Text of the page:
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Interior Nominee Haaland Sidesteps Question on Biden’s Keystone XL Order: ‘It Is His Decision’

Rep. Deb Haaland (D., N.M.) speaks during a Senate Committee on Energy and Natural Resources hearing on her nomination to be Interior Secretary on Capitol Hill in Washington, D.C., February 23, 2021. (Graeme Jennings/Reuters)

Representative Deb Haaland (D., N.M.) on Tuesday would not say whether she agrees with President Biden’s executive order canceling the Keystone XL pipeline, saying only that “it is his decision” during her confirmation hearing for interior secretary.

Senator Bill Cassidy (R., La.) pressed Haaland on her views on the executive order Biden signed on his first day in office, asking if she agrees with the decision to rescind the pipeline’s permit “knowing that 11,000 current or future jobs are eliminated because of it.”

She acknowledged that the pipeline has been “an issue” that “both sides [are] very passionate” about.

“With respect to President Biden’s decision, it is his decision, he’s the president,” she said.

Cassidy also touched on an exchange from earlier in the hearing in which Senator John Barrasso (R., Wyo.), the ranking member on the Senate Energy and Natural Resources Committee, questioned Haaland about a tweet from October 2020 in which she claimed that Republicans don’t believe in science.

Barrasso said that he and several other Republican members of the committee are medical doctors and he called the comment “concerning.”

“Do you think that as medical doctors we don’t believe in science? How do you stand by this statement?” Barrasso asked.

“Senator, yes, if you’re a doctor, I would assume that you believe in science,” Haaland replied.

Cassidy noted Haaland’s “perception as to how Republicans view science” and pointed to a “State Department reported based upon science that says building the pipeline lowers greenhouse gas emissions.”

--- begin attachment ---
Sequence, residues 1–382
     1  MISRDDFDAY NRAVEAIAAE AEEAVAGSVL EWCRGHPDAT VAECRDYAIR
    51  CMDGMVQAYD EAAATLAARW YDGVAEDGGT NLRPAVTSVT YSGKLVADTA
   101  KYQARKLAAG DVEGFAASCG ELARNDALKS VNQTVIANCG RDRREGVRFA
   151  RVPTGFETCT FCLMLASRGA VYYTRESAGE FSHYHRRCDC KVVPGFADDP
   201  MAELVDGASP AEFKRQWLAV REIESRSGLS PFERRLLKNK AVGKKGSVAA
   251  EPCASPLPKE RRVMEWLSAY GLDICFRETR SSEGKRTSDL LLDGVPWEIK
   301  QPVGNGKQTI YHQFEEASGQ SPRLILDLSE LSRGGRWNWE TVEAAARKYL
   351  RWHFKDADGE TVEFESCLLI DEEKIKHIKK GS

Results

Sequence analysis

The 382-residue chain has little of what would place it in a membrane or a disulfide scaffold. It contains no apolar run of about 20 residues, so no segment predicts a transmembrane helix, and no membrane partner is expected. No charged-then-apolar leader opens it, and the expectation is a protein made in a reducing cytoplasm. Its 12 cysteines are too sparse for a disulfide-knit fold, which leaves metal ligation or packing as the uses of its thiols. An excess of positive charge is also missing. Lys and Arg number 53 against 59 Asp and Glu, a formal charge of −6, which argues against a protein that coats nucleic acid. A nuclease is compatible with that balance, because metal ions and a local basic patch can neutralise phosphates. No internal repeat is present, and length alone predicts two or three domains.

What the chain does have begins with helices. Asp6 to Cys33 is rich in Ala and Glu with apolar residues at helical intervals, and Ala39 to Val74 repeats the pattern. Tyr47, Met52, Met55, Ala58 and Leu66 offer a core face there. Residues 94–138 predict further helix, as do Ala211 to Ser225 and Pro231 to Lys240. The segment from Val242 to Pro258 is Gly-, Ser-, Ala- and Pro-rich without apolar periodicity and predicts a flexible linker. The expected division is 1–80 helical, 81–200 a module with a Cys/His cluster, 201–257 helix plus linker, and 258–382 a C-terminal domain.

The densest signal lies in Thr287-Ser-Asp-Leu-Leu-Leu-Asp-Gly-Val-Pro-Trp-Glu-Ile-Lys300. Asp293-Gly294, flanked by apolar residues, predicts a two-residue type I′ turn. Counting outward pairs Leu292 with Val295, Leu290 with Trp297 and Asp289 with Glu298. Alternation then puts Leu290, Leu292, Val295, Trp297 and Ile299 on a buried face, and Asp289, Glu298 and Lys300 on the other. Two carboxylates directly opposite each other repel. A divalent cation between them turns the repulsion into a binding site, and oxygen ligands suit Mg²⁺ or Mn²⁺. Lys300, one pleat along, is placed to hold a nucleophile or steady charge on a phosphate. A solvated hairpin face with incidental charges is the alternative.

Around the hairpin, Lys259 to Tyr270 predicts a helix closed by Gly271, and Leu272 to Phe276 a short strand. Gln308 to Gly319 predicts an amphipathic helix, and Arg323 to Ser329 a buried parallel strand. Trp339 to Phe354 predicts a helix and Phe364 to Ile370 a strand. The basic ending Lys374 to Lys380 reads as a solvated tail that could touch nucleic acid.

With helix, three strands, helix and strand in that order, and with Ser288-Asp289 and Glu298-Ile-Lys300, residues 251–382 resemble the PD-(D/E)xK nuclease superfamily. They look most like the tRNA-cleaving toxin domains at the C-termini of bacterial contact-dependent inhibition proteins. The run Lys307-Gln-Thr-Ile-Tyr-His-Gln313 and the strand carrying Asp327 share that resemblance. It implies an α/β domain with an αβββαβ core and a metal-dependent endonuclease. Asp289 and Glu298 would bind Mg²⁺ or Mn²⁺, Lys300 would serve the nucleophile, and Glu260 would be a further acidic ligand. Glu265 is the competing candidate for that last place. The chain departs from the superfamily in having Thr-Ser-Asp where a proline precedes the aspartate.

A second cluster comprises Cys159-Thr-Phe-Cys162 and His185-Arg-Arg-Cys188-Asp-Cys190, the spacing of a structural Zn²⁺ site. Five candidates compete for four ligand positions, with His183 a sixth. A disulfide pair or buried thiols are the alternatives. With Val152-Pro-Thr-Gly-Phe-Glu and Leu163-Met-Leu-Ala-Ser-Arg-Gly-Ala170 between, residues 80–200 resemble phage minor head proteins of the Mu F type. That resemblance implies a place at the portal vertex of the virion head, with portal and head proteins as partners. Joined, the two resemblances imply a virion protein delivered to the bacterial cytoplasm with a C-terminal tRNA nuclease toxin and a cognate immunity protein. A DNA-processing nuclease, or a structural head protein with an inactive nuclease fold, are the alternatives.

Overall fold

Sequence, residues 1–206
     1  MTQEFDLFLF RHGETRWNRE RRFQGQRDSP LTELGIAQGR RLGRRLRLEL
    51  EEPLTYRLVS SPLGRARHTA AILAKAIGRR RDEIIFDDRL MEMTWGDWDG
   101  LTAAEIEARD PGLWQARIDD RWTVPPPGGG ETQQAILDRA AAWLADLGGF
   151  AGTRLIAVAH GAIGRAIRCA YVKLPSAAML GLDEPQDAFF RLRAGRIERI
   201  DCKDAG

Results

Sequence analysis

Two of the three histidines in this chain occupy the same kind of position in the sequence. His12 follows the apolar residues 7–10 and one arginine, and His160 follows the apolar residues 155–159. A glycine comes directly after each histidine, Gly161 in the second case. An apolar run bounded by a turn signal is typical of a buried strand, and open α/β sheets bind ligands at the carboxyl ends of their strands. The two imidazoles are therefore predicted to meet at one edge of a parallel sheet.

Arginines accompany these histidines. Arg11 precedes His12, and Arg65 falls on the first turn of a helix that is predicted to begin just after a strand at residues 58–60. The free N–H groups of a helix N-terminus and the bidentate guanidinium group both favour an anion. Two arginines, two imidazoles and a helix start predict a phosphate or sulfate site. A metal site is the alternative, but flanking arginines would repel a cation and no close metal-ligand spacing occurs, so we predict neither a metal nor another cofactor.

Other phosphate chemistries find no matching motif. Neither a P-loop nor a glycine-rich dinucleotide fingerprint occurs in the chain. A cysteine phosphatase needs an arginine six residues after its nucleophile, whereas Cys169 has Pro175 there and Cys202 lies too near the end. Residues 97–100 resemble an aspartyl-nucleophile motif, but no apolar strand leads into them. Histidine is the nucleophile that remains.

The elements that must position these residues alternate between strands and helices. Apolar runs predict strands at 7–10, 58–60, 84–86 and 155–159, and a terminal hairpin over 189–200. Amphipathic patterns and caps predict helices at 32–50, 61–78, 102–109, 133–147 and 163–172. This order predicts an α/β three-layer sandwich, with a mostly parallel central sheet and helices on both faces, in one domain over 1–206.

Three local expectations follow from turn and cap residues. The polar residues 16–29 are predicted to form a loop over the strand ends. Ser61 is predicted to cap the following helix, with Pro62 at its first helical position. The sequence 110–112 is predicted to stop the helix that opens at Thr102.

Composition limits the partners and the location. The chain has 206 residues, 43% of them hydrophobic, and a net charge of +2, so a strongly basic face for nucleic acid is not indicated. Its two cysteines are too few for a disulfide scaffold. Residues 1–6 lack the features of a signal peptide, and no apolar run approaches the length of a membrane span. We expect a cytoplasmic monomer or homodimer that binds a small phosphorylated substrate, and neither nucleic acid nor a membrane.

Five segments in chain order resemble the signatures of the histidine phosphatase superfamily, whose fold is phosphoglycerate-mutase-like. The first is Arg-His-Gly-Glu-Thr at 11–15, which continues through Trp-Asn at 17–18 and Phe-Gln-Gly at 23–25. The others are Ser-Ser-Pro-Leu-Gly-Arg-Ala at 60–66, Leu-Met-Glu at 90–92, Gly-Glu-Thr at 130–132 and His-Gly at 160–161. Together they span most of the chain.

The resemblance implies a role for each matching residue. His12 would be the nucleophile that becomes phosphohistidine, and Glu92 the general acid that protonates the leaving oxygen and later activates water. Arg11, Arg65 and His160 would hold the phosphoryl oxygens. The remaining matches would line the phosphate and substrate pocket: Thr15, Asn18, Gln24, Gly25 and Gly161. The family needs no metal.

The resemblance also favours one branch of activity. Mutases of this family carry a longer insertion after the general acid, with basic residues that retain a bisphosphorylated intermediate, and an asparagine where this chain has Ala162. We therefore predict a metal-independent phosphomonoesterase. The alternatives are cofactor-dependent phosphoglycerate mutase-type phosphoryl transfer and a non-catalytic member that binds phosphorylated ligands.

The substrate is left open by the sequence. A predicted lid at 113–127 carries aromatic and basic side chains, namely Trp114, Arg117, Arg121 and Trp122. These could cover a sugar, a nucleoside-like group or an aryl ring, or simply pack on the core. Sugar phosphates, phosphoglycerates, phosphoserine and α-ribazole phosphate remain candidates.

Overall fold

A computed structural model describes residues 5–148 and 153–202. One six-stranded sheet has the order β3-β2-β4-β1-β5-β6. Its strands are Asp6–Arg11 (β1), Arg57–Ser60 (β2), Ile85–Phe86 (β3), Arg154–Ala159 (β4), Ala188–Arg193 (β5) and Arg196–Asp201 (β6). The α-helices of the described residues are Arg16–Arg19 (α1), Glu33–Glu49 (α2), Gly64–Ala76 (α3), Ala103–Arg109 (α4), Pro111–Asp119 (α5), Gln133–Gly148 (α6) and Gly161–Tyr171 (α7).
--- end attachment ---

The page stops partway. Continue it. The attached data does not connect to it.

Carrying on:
“If you are the president would you eliminate the pipeline with the 11,000 jobs and the futures that are less bright for those families knowing that by not building it — based on science from the State Department — we would have increased global greenhouse gas emissions?” he asked.

He added that he is hoping that “Democrats pay attention to the science” and asked if the department, under her leadership, will “be guided by a prejudice against fossil fuel or will it be guided by science.”

“If I could just take the liberty of saying prejudice on fossil fuels — perhaps isn’t the way I would describe it,” Haaland responded. “I would say that President Biden is . . . moving toward the tremendous opportunities that we have in diversifying our energy resources.”

Cassidy then accused the congresswoman of “dodging my question.”

The exchange was one of several notable points of tension in the hearing for Haaland, who would make history as the first Native-American cabinet secretary if confirmed by the Senate.

A number of Republicans have expressed skepticism of Haaland’s confirmation, including Barrasso, who said that he is “troubled” by some of her positions on climate and energy issues, adding that she holds “views that many in my home state of Wyoming would consider as radical.”

Senator Joe Manchin (D., W. Va.), the chair of the Energy and Natural Resources Committee, has said he is undecided on whether he will back Haaland’s confirmation.

With the Senate evenly divided between the parties, Manchin, a moderate Democrat who does not always vote along party lines, has taken on newfound power. When Manchin votes no, Democrats need the support of at least one Republican senator for the matter at hand to pass.

A spokeswoman for Manchin reportedly told NBC News that he had met with the New Mexico congresswoman on Zoom to discuss her confirmation but that he had “remaining questions.”

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